Project information: Click here (PDF)

Safety Analysis for Autnomous Vehicles

Supervisors: Prof. Mohammad Mousavi and Dr. José Miguel Rojas

Establishing trust in autonomous vehicles is a major component of their widespread public adoption. Rigorous and explainable safety analysis of autonomous vehicle functions play a major role in establishing trust. There are existing standards for establishing safety in automotive systems, of which the ISO 26262 standard is the most prominent one. Safety case analysis in these standards involves defining a safety item and analysing and providing a safety case for the item by analysing the hazards in typical scenarios of use and foreseeable misuse. To analyse the hazards rigorously, different safety integrity levels (ASIL) are attached to them, and different analysis techniques are prescribed for different ASIL. At high ASIL, formal verification and model-based testing are recommended as appropriate techniques for the analysis.

Hitherto, much of the safety case analysis process has been manual, involving tedious scrutiny of possible scenarios and turning them into appropriate models for further analysis. For autonomous vehicles, however, such a manual process becomes extremely laborious and error-prone and mechanisation support is inevitable. Also, in the presence of adaptive and AI-enabled systems, adapting safety cases and their analysis should inevitably be mechanised or otherwise will be infeasible. This project aims at providing mechanised support for safety-case analysis of automated and autonomous functions.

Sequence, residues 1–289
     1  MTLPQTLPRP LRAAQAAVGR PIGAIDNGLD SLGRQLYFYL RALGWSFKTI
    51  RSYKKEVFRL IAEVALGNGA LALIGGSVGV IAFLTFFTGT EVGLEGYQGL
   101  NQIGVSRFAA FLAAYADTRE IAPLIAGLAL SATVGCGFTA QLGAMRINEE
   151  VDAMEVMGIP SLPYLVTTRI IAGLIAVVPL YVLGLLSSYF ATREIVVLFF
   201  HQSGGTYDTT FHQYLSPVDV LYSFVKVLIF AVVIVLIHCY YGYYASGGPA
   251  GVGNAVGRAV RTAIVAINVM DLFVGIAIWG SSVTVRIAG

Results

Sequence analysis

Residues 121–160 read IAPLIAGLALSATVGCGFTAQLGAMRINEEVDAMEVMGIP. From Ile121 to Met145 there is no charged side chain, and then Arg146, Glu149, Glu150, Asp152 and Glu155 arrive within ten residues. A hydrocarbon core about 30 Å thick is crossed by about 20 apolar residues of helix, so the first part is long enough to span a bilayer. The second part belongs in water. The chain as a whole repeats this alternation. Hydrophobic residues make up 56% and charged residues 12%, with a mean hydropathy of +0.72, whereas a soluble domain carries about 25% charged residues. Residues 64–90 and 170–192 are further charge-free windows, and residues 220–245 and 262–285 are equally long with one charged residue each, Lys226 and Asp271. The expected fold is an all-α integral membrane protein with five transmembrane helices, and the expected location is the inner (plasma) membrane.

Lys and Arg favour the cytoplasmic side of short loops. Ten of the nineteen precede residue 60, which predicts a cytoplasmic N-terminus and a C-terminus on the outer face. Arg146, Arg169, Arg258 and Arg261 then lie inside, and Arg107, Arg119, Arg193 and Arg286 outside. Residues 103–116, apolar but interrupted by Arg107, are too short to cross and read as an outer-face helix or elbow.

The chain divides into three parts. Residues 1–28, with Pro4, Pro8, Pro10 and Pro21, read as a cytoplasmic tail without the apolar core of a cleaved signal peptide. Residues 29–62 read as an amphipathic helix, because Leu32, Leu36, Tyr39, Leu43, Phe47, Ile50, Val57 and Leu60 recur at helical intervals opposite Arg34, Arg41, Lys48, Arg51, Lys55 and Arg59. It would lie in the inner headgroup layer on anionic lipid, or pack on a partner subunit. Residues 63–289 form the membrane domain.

To this end, we will build upon our past experience with automated test-case and scenario generation to turn structured English safety case and item descriptions into rigorous models from which use and misuse scenarios are generated automatically.

Please do not hesitate to contact Mohammad Mousavi ( for further information.

Additional information: Click here (PDF)

The use of deep learning in cell line authorisation for modern drug discovery

Supervisors: Dr Huiyu Zhou, Dr Yinhai Wang, Prof Thomas Erlebach

Project information: Click here (PDF)

Vocal Emotions Analysis of Conversations for Supporting Emotional Wellbeing

Supervisors: Prof. Effie Law and Dr Huiyu Zhou

Project information: Click here (PDF)